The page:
Pan-Canadian Framework on Clean Growth and Climate Change Outlines Coordinated Plan for Significant Emissions Reductions

December 14, 2016

Following the First Ministers’ Meeting on December 9th, Canada’s First Ministers issued a joint communiqué and released the Pan-Canadian Framework on Clean Growth and Climate Change (the “Framework”). Governments across Canada will, for the first time ever, work under a coordinated plan to meet national climate targets and adapt to the impacts of climate change. All but two[1] provinces and territories have signed onto the Framework and the Prime Minister has indicated that the Federal government will apply national measures set out in the Framework even in provinces that have not officially signed on.

The actions committed to under this Framework mark a major step towards mitigating climate change and building a lower-carbon future for Canadians. As shown in the figure below, the plan recognizes that it alone will not be able to meet Canada’s 2030 target of 523Mt of reduced carbon dioxide equivalent emissions, but the Framework combined with existing measures are projected to take national emissions from 742Mt (projection as of December 2016) to 567Mt—a significant and laudable step.


(Figure sourced from pg. 45 of the report.)

The Framework is noticeably light on adaptation actions. We expect more to come on this front—as we are already seeing the impacts of climate change—and hope to see more detailed adaptation measures announced soon.

The Pan-Canadian Framework has four main pillars:

  1. pricing carbon pollution
  2. measures to further reduce emissions
  3. measures to adapt to climate change and build resilience
  4. accelerating innovation, clean technology and job creation

In addition to putting a price on carbon nation-wide, measures that we find particularly exciting under the other three pillars include:

Reducing GHG Emissions

  • development of a “net-zero energy ready” model building code that provinces and territories would aim to adopt by 2030
  • phase-out of traditional coal-fired power by 2030 and performance standards for natural gas-fed electricity generation
  • creation of a coordinated strategy for zero-emission vehicles by 2018
  • establishment of a clean fuel standard for transportation, buildings and industry
  • support for smart-grid technologies that expand renewable capacity and facilitate the integration of energy storage
  • encouragement of wood products in construction, including through updated building codes
  • improvement of government procurement practices to promote clean energy and technologies
  • exploration of tools to count “internationally transferred mitigation outcomes” towards Canada’s commitments under Article 6 of the Paris Agreement  (read: supporting emissions reductions outside of Canada)
  • protection of carbon sinks through land-use and conservation measures and promotion of innovation in forestry and agriculture to develop more energy efficient management practices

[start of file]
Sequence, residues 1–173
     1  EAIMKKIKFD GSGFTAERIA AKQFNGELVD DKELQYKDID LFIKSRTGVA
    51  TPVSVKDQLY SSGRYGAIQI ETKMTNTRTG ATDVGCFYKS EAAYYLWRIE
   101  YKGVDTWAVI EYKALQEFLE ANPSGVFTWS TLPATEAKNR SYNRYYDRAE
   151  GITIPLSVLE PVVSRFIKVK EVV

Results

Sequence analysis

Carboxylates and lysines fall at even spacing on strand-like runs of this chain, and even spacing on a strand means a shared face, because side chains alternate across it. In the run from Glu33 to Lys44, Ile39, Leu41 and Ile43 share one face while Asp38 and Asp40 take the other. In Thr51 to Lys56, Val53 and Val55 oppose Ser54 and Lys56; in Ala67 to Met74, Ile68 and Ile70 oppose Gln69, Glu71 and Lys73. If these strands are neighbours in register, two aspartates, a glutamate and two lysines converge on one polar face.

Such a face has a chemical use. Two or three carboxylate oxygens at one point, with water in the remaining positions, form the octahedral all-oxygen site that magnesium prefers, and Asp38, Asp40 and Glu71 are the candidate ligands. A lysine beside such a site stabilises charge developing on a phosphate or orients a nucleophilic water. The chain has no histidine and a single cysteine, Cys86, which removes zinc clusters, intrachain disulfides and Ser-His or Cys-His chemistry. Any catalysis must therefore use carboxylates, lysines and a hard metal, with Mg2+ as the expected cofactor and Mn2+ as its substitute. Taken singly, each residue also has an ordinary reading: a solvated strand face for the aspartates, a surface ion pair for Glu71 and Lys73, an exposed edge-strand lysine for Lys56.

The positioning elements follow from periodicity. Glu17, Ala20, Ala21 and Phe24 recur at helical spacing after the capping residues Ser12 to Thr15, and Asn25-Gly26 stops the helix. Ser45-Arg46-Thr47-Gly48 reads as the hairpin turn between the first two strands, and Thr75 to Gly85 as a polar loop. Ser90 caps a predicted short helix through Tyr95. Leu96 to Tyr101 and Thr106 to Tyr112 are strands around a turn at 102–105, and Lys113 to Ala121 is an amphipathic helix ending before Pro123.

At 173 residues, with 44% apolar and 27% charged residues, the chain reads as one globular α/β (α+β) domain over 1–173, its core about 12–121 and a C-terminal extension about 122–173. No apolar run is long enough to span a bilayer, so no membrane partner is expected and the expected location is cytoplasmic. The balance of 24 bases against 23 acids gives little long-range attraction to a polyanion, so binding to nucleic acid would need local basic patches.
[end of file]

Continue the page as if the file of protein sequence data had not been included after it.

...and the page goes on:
Adapting to the Impacts of Climate Change

  • investment in climate resilient infrastructure
  • integration of climate resilience into building design guides and codes, including the commitment of $40 million in federal funding over five years to support revised national building codes by 2020 for residential, institutional, commercial, and industrial facilities
  • establishment of a Canadian centre for climate services, to improve access to climate science and information
  • development and modernization of flood maps and assessment of flood risks through the National Disaster Mitigation Program

Accelerating Clean Growth

  • allocation of significant investments to public transit, clean technology, green infrastructure, and new electricity transmission lines to improve Canada’s clean power potential
  • enhancement of access to capital for clean technology businesses to bring their products and services to market, including at the commercial-scale demonstration and deployment stages
  • development of action plans for greening government operations that, among other things, encourage public sector entities (e.g. utilities and municipalities) to adopt clean technologies and lead by example

Federal, provincial and territorial governments also agreed to establish a process for tracking GHG emissions reductions, taking regular stock of progress achieved under the Framework and reporting this information to Canadians in a transparent way.

It is encouraging to see Canada’s continued commitment to meet its Paris Agreement obligations and leadership at a critical time in the global climate movement. This Framework will enable emissions reductions domestically while also providing exciting opportunities to promote our low-carbon economy by deploying Canadian clean-tech solutions to help lower emissions abroad. Indeed, under the Framework, Canada has left the door open to meeting its own commitments through supporting climate initiatives in other jurisdictions, including in those countries who need support most. A truly effective and efficient approach would promote these international opportunities. The Framework acknowledges this, embraces the complexity of the climate challenge and is a promising first step in the development of coordinated programs to promote Canadian action on climate change.

More information information on the Framework and the process that helped develop it can be found here.

[1] Premier of Saskatchewan, Brad Wall, refused to sign on and Manitoba’s Premier, Brian Pallister, is holding off for now due to seeking Healthcare related funding but has stated agreement to the framework in principle.